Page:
Who Really Inherited Darwin’s Legacy? You Might Be Surprised to Learn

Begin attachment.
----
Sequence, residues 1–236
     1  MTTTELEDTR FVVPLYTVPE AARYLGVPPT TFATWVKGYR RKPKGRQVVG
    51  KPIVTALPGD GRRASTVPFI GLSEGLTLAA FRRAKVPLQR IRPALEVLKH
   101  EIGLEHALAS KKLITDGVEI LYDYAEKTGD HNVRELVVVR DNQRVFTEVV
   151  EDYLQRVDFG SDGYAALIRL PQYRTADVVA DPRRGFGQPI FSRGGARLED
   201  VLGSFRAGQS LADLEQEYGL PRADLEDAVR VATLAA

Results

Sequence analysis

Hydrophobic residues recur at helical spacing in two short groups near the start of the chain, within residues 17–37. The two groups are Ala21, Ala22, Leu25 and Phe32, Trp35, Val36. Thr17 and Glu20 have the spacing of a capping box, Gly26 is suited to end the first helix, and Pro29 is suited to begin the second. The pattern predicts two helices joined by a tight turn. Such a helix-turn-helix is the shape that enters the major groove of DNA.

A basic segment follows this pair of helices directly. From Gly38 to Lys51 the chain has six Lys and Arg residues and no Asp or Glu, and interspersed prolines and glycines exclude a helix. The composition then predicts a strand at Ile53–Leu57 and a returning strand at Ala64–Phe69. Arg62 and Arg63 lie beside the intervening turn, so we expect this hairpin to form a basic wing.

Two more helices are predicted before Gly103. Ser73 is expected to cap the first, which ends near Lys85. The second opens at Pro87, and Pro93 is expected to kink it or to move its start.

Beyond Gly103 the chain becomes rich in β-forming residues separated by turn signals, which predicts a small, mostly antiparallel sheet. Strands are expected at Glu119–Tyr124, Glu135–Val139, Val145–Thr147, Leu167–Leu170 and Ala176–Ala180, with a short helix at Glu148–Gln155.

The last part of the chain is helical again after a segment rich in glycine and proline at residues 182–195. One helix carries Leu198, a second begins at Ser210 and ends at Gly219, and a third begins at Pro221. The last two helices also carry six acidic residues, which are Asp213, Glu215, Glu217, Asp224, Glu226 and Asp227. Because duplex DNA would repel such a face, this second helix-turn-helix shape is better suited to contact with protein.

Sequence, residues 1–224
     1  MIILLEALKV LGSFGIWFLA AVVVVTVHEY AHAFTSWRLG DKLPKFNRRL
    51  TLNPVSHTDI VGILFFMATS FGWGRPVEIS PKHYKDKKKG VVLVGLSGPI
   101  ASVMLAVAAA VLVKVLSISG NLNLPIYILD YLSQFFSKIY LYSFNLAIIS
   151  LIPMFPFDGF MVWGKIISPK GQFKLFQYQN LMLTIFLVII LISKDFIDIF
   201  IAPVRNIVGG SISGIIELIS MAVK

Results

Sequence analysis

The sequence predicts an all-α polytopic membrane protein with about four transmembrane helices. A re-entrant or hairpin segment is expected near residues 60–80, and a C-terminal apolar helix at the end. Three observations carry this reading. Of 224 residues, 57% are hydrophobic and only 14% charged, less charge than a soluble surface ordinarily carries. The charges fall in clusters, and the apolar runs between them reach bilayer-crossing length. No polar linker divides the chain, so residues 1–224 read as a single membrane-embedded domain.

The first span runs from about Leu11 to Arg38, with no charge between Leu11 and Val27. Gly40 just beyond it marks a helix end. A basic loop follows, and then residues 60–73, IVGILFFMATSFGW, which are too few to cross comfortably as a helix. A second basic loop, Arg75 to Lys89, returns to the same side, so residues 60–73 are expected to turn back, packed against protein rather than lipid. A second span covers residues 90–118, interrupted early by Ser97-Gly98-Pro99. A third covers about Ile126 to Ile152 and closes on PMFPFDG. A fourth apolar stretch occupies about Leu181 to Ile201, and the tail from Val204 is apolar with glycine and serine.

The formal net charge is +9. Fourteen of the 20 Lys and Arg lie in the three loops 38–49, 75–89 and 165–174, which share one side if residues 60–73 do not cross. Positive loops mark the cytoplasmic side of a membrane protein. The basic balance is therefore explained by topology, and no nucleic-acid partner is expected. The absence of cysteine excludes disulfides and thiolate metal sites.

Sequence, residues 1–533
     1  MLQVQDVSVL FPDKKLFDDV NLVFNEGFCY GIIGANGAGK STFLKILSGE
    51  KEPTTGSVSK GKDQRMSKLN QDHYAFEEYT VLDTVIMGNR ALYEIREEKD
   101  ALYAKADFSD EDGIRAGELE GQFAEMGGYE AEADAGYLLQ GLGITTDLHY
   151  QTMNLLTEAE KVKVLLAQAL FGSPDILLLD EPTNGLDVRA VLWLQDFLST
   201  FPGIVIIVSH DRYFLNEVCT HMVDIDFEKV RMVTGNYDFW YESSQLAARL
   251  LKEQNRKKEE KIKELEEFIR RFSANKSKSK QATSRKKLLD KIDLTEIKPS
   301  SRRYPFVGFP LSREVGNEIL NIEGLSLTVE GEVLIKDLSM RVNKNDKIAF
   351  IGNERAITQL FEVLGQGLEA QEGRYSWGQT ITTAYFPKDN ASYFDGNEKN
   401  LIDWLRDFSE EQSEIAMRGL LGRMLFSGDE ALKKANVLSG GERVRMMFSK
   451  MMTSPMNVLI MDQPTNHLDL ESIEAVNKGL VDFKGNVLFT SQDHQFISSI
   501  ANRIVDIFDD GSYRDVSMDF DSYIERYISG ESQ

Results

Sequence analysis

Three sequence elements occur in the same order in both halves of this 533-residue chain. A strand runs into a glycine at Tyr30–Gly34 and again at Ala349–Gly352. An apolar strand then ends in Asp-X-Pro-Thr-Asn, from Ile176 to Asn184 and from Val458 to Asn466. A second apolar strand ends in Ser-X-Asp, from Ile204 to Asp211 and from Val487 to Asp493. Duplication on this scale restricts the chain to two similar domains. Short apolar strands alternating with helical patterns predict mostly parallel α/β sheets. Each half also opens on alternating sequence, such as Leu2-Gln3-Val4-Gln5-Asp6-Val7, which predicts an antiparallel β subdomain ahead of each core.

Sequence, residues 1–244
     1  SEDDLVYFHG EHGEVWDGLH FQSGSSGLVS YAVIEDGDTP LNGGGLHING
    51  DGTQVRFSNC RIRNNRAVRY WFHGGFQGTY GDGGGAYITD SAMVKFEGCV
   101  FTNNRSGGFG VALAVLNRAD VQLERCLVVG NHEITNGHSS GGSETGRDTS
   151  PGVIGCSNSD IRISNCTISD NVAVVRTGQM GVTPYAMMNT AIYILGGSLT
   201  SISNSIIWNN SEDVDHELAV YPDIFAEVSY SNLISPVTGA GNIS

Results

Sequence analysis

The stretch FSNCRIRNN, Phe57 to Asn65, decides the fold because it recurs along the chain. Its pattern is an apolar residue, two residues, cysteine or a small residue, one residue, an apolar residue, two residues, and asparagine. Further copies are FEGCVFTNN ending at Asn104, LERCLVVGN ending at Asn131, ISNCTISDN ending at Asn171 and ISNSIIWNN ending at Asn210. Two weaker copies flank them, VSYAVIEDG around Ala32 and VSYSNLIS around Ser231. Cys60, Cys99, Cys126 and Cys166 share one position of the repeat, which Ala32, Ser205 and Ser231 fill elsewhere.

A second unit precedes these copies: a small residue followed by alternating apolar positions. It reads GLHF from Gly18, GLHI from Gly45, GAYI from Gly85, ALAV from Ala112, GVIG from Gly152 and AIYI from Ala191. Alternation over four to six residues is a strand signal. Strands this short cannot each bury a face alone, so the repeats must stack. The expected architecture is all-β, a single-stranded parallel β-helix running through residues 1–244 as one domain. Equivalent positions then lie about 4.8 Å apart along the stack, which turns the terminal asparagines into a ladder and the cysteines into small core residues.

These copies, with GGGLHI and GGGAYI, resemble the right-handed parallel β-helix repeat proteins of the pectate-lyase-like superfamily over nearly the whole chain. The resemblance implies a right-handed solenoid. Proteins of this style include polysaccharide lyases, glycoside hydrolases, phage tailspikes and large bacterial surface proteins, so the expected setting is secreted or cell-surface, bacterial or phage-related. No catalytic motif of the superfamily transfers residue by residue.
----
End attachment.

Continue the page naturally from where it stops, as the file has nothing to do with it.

first_img A Physician Describes How Behe Changed His MindLife’s Origin — A “Mystery” Made AccessibleCodes Are Not Products of PhysicsIxnay on the Ambriancay PlosionexhayDesign Triangulation: My Thanksgiving Gift to All Origin of Life: Brian Miller Distills a Debate Between Dave Farina and James Tour Congratulations to Science Magazine for an Honest Portrayal of Darwin’s Descent of Man David KlinghofferSenior Fellow and Editor, Evolution NewsDavid Klinghoffer is a Senior Fellow at Discovery Institute and the editor of Evolution News & Science Today, the daily voice of Discovery Institute’s Center for Science & Culture, reporting on intelligent design, evolution, and the intersection of science and culture. Klinghoffer is also the author of six books, a former senior editor and literary editor at National Review magazine, and has written for the Los Angeles Times, New York Times, Wall Street Journal, Washington Post, Seattle Times, Commentary, and other publications. Born in Santa Monica, California, he graduated from Brown University in 1987 with an A.B. magna cum laude in comparative literature and religious studies. David lives near Seattle, Washington, with his wife and children.Follow DavidProfileTwitter Share Email Print Google+ Linkedin Twitter Share TagsAdam SedgwickCambridge UniversityCenter for Science & CultureCharles DarwinCNSNewscreationismDarwin DayDarwinian theorydebateDebating Darwin’s Doubtdistracted walkingevolutionfootballfree speechgreat evolutionary firewallHarvard UniversityHerman BoumaID the Futureintelligent designIt’s Still Debatable!John WestJonathan WittKarl NageliLouis AgassizMichael BeheNational Science Teaching AssociationOn the Origin of SpeciesSarah Chaffeescience teachingSt. LouisUniversity of Munichzoos,Trending Jane Goodall Meets the God Hypothesis Free Speech Who Really Inherited Darwin’s Legacy? You Might Be Surprised to LearnDavid KlinghofferFebruary 12, 2020, 1:38 PM Email Print Google+ Linkedin Twitter Share Herman Bouma directs the National Association for Objectivity in Science. He came to my attention last year when Sarah Chaffee reported here and here on his experience being strong-armed and tossed out by the National Science Teaching Association (NSTA) at their conference in St. Louis. His offense? Merely showing up for a scheduled and approved presentation he was set to deliver to anyone interested in attending. NSTA officials and security guards hustled him out.Darwin and His ApostlesThe presentation was supposed to be in praise of Charles Darwin for Darwin’s willingness to engage respectfully with critics. Bouma recalls the incident in an article today for CNSNews, for Darwin Day. Bouma makes a great point about the difference between Darwin himself and his latter-day apostles (as, remarkably, some call themselves):Darwin took great care to reply thoughtfully to the scientific arguments against his theory and, by the time of the sixth edition of his book [On the Origin of Species] in 1872, approximately one-third of the book consisted of his response to numerous scientific arguments against his theory (all of which still have merit today).Darwin clearly took his critics seriously, and did so even though most were proponents of design. He never considered the theory of design to be unscientific and in fact stated that it “has been ably maintained by many authors.” (Even he theorized that the first forms of life were the result of design.) Darwin treated his critics with respect, referring to them as “the most eminent paleontologists” and “our greatest geologists”. Darwin acknowledged that there were “a crowd of difficulties” with his theory and that a number of objections carried great weight.For example, one objection was based on the existence in certain insect communities of sterile females which “often differ widely in instinct and in structure from both the males and fertile females, and yet, from being sterile, they cannot propagate their kind.” Darwin stated that this difficulty “at first appeared to me insuperable, and actually fatal to the whole theory.”Darwin’s response to his critics makes clear that he was interested in carrying on a civilized and rational debate, taking his critics’ objections seriously and responding to them not with deprecation, but with evidence and logic. In this respect, Darwin is an example for all to follow today. Unfortunately, many in science education today strongly oppose the mention of any arguments against the theory of natural selection.You know what? Darwin is indeed “an example for all to follow today.” This may sound surprising from a proponent of intelligent design. But think about it: by the sixth edition of On the Origin of Species, Darwin was devoting a third of his text to engaging seriously with critics. He recognized that there were strengths and weaknesses, as we say today, to his theory. Bouma mentions a few of the leading design advocates at the time — Louis Agassiz at Harvard, Adam Sedgwick at Cambridge, Karl Nageli at the University of Munich. Darwin “took great care” to respond to able scientists like these.A Reversed SituationNotice how the situation has reversed itself. Darwin’s apostles generally brush off criticism, caricaturing it as “creationism,” taking shelter behind the “great evolutionary firewall” in the scientific literature. Or they pay lip service to the merit of debate. Bouma mentions a publication from the NSTA, the national education group that shut him down at the St. Louis conference. The title: It’s Still Debatable! Using Socioscientific Issues to Develop Scientific Literacy, K–5. What’s debatable? From the book description:It’s Still Debatable! encourages scientific literacy by showing you how to teach the content and thinking skills K–5 students need to explore real-world questions like these:Is football too dangerous for kids?Do we need zoos?Should distracted walking be illegal?At the core of the exploration is the Socioscientific Issues Framework. It uses debatable, science-related societal questions, or socioscientific issues, to address science content, help children learn to apply the content, and encourage them to become informed citizens.Ah, you see, it’s fine to debate about football, zoos, and distracted walking. What about the origins of life and of biological complexity? Now, that’s a different matter. Just raising the issue, as Bouma did, will get you frogmarched out of a science teaching conference.No “ID Firewall”Meanwhile it is ID scientists like Michael Behe who are, in a sense, the real inheritors of Darwin’s legacy. As Professor Behe mentioned in a recent ID the Future podcast with host Jonathan Witt, his next book is devoted entirely to exchanges with serious critics. Over at his newly expanded website, Behe has an extensive page with numerous links to articles devoted to his replies to critics of his most recent book, Darwin Devolves. Dr. Behe has, in this way, been following in Darwin’s path for decades. For design scientists today, there’s no “ID firewall” to hide behind. They would disdain to take shelter there if there were.So, today is Darwin Day, the birthday of Charles Darwin. What’s the best way to celebrate? John West was not being facetious earlier today when he suggested that the best birthday gift you can give to the great man is a contribution to Discovery Institute’s Center for Science & Culture. It is proponents of ID who are carrying on the truest, most noble aspect of Darwin’s legacy. For your $25 gift, you will receive a downloadable copy of a book I edited, with an appropriate debate theme, the 380-page Debating Darwin’s Doubt. Please consider taking Dr. West’s advice now.Photo credit: Ryan McGuire via Pixabay. Requesting a (Partial) Retraction from Darrel Falk and BioLogos Recommended “A Summary of the Evidence for Intelligent Design”: The Study Guidelast_img read more